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Medicaid Spending Sustainable, Study Says

February 23, 2007 -- Fears that Medicaid spending is growing uncontrollably are unfounded and fundamental changes to the entitlement program could help eliminate interstate variations in benefits and help states cope with rising health costs, experts said Friday.

Two studies released as part of a Medicaid forum sponsored by the academic journal Health Affairs offered an array of ideas to resolve many challenges faced by the federal–state program, including funding, coverage and provider reimbursement levels. The authors discussed their findings during a briefing held by the Washington, D.C.–based Urban Institute.

A paper authored by Richard Kronick of the University of California, San Diego, and David Rousseau of the Kaiser Family Foundation's Commission on Medicaid and the Uninsured predicts that expected growth in federal and state revenues will likely be enough to sustain Medicaid spending increases over the next 40 years while allowing growth in spending for other public services.

A second paper written by John Holohan of the Urban Institute and Alan Weil of the National Academy for State Health Policy lays out four comprehensive options for restructuring Medicaid that would shift more of the cost and risk for growth in Medicaid spending to the federal government, producing a net federal spending increase of $24 billion to $34 billion a year.

In their report, Kronick and Rousseau conclude that despite the anticipated decline in employer-sponsored insurance and the long-term care needs of the baby boomers, Medicaid spending as a share of national health expenditures will remain almost constant from 2005 to 2025 at 16.6 percent, then increase very slowly to 19 percent by 2045.

They said that while some states in some years will experience fiscal pressure during recessions, state and federal government revenues will rise enough to sustain both Medicaid spending increases and substantial real growth in spending for other services.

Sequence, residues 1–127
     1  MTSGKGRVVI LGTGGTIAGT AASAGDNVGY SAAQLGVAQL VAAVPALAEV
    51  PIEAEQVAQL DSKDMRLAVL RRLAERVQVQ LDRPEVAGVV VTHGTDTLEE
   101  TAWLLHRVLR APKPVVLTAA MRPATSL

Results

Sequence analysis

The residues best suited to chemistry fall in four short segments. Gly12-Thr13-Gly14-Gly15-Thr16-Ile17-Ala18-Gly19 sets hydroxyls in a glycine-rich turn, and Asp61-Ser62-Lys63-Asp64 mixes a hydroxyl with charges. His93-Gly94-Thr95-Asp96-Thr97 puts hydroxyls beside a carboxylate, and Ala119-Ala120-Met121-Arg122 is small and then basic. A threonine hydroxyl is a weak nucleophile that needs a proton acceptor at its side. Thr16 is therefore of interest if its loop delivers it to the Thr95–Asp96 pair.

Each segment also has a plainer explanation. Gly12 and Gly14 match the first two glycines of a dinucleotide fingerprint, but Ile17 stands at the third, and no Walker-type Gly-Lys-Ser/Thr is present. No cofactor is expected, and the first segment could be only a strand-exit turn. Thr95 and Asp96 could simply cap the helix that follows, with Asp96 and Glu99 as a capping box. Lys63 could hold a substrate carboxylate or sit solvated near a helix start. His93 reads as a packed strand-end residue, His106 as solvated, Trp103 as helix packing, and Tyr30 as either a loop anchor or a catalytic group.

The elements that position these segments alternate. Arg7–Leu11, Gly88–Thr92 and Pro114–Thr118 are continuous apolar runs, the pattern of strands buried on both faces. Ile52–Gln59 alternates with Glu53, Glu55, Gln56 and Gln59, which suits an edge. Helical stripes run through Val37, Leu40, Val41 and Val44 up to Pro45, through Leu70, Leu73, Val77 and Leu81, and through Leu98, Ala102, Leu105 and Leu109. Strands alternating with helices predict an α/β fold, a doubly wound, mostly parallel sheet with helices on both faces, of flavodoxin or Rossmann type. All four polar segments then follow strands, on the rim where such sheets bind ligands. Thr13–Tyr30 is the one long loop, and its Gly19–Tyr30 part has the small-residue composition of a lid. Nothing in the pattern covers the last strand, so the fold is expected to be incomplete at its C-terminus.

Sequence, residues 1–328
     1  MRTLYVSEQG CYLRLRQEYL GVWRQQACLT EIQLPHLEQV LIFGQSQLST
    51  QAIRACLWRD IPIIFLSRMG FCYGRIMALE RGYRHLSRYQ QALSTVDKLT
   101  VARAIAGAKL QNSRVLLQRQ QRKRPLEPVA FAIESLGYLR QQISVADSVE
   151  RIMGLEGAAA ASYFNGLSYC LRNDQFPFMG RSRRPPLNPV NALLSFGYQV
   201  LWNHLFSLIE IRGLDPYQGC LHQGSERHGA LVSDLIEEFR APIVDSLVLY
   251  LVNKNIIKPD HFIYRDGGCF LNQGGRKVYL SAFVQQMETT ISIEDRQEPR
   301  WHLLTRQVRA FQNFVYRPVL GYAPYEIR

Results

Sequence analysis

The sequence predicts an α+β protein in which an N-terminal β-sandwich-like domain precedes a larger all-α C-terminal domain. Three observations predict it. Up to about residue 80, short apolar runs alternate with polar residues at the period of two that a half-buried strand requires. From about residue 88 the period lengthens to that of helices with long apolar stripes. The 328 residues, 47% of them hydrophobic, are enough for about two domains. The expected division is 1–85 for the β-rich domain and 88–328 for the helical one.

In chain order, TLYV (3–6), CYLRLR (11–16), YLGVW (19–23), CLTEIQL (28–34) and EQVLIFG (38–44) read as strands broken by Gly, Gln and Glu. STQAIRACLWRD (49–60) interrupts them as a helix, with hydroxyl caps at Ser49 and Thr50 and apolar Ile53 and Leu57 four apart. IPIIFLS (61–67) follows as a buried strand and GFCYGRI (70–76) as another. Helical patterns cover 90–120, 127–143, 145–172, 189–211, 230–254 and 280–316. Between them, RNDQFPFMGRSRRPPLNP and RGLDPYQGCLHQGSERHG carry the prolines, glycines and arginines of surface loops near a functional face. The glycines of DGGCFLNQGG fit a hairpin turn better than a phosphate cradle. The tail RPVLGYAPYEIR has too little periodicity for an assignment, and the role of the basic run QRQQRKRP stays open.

But one could still "make the case to say there are changes that would improve the program," Kronick said.

The paper by Holohan and Weil presents options and cost estimates that the authors say could strengthen the program. Ideas they discuss include mandatory coverage expansions for groups such as parents and childless adults, shifting highest-cost cases to the federal government, and increasing federal matching rates for selected services or populations.

An overhaul or complete elimination of the current disproportionate share hospital or DSH funding system also is needed, the authors say, to help guard against current abuses.

"There may be a need for DSH but not the way it's structured," Holohan said.

Holohan and Weil also write that some widely held notions about the program—such as that Medicaid enrollees use too many services—are false. Medicaid beneficiaries' use of services is comparable to the private sector and enrollees often have a difficult time finding a physician who will accept Medicaid due to its low reimbursement levels, the authors wrote.

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